10 Things to Know about Constitutional Carry

10 things to know about constitutional carry

Must be 21 or older

Just like purchasing alcohol, Texas law still restricts concealed or open carry of handguns to individuals 21 years of age or older.  While long guns (rifles and shotguns) can be carried legally by an individual under the age of 21, handguns cannot.  Prior to the Constitutional Carry law, an individual over the age of 21 could carry a handgun as long as they also carried a license to carry or concealed handgun license.

No requirement for firearms training or license

As of September 1, 2021, Texas law no longer requires formal firearms training or proficiency to carry a handgun either openly or concealed.  Prior to this change in law, any person 21 years of age or older, wishing to carry a handgun on their person either openly or concealed had to complete a license to carry course and demonstrate firearms proficiency.  Under the Constitutional Carry law a license is only required in very limited circumstances.

Holster type is no longer limited to “shoulder or belt” holsters for open carry

With the new Constitutional Carry law, handguns can now be carried openly in a variety of holsters previously prohibited by law including belly bands, waistband holsters, ankle holsters, pocket holsters and thigh holsters.  Texas law previously required handguns be carried openly in a secure belt or shoulder holster whereas concealed carry had no such holster requirement.

A license to carry is still required for travel outside the State of Texas

If you plan to carry a handgun either concealed or otherwise while traveling outside of the State of Texas you should look at applicable laws in your destination State.  Many states have a reciprocity agreement with the State of Texas for either concealed handgun license holders or license to carry holders.  Reciprocity is a legal term meaning each State honors the other’s licensees.  In order to avail yourself of this reciprocity agreement an LTC or CHL is still required.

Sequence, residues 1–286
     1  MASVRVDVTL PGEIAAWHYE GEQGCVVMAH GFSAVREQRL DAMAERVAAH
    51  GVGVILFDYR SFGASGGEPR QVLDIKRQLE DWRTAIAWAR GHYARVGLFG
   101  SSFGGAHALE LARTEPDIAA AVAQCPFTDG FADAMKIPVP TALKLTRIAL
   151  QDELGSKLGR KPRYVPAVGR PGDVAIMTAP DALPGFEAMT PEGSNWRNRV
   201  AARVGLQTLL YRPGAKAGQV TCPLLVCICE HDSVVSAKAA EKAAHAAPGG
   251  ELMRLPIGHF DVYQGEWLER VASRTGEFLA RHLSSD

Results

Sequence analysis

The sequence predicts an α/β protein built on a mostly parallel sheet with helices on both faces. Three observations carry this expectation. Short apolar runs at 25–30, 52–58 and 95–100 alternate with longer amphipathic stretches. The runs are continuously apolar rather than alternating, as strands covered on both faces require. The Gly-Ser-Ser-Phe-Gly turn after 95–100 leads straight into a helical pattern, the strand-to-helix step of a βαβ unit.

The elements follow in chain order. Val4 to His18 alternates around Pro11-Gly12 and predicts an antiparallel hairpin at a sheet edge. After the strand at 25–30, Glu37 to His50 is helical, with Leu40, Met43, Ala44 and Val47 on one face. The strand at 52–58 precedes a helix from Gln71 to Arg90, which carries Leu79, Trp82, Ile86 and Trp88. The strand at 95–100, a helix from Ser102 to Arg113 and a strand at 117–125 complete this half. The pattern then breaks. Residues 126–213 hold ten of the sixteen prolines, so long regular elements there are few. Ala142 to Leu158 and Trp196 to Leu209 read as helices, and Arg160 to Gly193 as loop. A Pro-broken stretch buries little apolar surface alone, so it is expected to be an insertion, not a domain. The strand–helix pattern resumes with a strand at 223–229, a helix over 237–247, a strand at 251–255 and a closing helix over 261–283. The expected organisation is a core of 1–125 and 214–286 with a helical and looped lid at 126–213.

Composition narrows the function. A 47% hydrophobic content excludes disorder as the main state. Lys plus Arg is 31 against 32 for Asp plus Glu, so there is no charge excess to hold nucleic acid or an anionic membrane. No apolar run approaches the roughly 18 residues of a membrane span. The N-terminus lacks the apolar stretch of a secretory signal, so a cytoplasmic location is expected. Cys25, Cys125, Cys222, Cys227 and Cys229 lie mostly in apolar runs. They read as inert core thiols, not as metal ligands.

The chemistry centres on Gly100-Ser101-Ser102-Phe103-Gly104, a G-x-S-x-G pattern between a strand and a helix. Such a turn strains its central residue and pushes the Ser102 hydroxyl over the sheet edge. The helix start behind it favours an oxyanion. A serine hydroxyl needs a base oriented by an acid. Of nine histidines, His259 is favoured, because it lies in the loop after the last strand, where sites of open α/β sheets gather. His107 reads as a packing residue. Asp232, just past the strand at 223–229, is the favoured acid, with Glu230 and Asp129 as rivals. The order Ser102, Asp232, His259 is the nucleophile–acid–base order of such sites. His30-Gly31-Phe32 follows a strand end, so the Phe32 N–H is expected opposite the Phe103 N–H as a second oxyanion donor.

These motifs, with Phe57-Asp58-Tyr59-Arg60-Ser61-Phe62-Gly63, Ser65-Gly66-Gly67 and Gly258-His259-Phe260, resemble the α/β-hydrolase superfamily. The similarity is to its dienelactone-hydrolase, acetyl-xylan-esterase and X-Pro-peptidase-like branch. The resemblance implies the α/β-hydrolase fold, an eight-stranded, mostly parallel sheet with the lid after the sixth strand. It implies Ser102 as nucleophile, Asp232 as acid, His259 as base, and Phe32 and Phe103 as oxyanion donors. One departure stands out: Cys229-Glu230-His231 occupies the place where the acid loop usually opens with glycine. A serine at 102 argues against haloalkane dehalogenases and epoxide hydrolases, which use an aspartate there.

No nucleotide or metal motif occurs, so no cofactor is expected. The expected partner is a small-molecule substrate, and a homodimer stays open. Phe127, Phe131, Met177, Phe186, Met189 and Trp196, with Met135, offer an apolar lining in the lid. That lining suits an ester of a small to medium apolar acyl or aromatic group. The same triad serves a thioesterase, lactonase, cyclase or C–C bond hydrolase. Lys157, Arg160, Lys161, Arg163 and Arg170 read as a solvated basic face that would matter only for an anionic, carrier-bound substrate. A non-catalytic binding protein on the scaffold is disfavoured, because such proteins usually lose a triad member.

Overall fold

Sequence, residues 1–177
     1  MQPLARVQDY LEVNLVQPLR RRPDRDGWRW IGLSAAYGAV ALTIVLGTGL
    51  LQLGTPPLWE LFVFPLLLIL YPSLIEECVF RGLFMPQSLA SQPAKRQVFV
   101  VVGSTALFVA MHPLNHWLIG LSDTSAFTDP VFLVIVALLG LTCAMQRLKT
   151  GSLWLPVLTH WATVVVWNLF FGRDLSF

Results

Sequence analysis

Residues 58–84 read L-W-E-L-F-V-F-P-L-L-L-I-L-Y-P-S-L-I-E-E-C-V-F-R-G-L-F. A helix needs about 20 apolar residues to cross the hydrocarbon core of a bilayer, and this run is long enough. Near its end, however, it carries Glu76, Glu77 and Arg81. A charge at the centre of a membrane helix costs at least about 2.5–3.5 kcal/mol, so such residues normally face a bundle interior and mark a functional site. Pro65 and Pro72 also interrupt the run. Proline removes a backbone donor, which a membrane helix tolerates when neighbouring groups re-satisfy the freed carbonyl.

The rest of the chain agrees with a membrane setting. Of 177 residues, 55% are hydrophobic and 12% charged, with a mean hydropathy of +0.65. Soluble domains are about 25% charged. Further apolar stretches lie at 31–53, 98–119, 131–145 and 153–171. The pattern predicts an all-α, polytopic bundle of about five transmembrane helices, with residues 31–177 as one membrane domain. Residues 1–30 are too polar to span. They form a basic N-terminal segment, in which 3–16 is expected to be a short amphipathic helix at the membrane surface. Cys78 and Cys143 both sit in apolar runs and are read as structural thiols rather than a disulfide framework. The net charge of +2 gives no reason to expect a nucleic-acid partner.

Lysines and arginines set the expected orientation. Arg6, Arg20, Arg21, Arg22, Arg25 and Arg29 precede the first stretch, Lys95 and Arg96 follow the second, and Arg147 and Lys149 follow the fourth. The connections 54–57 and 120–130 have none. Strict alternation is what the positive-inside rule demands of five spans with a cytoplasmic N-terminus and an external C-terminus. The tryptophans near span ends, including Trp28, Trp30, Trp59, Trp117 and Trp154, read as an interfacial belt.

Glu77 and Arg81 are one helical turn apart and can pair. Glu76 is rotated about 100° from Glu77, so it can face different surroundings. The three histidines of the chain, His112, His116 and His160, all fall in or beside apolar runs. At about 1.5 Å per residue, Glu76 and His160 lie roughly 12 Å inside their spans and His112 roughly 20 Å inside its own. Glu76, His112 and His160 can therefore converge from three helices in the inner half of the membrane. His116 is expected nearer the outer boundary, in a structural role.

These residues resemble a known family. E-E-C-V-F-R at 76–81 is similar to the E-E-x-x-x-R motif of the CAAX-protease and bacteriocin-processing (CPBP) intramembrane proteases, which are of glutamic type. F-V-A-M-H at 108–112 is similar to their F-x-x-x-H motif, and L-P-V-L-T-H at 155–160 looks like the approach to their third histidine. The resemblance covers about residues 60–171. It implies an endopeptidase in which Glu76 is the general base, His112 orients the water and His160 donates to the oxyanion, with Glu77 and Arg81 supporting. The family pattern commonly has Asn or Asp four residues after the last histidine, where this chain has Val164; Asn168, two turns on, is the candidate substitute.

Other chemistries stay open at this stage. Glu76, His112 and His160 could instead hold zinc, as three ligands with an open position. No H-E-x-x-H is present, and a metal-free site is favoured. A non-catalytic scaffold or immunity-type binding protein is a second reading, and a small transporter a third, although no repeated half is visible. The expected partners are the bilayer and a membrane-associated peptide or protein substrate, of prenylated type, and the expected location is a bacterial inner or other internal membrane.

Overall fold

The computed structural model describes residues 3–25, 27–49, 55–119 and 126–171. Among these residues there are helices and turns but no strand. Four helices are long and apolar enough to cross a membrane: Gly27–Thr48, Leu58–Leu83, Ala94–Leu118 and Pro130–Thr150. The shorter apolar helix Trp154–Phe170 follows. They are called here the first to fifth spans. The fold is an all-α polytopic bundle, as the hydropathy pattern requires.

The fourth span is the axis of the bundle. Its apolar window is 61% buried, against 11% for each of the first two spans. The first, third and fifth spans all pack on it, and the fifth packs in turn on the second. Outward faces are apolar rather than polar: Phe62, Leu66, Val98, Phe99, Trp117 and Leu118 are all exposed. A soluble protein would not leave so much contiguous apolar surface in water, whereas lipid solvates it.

30.06 and 30.07 Defenses

It is a defense to prosecution for violations of 30.06 and 30.07 (trespassing by license holder) that a license holder was personally given notice by oral communication of their violation of the trespassing and promptly departed the property.  The practical effect of this change in the law is that if you miss the 30.06 or 30.07 sign posted at the entrance of a property but leave promptly after receiving oral notice of the violation, you have a defense to criminal prosecution.

Handguns can be stored in privately owned or lease vehicles in a school parking lot

Any person, including a school employee, who holds a license to carry may now transport or store a handgun, other firearm or ammunition in a locked privately owned or leased motor vehicle while parked in a designated parking area.  The manner of storage cannot be regulated so long as the firearm and ammunition are not in plain view.

No change to law regarding places where firearms are prohibited

The possession of a firearm is still prohibited in polling places, government meetings, courthouses, sporting events, racetracks, correctional facilities, accessed controlled areas of airport terminals, amusement parks, and licensed premises (51% rule for bars, liquor stores, taverns, etc.).

Expunctions for criminal records related to Unlawfully Carrying a Handgun

An arrest or conviction for unlawful carrying of a handgun in non-prohibited places may be expunged.  Whether you qualify for an expunction will depend on the circumstances of your arrest and conviction.  In order to determine your eligibility for an expunction you would need to consult with an attorney.

Firearms purchases through an FFL still require background checks

A firearm purchase through a licensed dealer will still require a background check unless the buyer has a license to carry.  Private firearm transfers are still not subject to background check requirements regardless of license status for the buyer.

Suppressors or silencers are still illegal at the Federal level

The Constitutional Carry Law makes silencers/suppressors manufactured in Texas, with material originating in the State of Texas, legal under state law provided the silencer/suppressor never leaves the State of Texas.  Under applicable Federal Law silencers/suppressors must still be registered with the Bureau of Alcohol Tobacco and Firearms.  Failure to register the silencer/suppressor with the ATF will be violation of Federal Firearms laws.  The Constitutional Carry law simply prohibits enforcement of silencer/suppressor laws at the State level.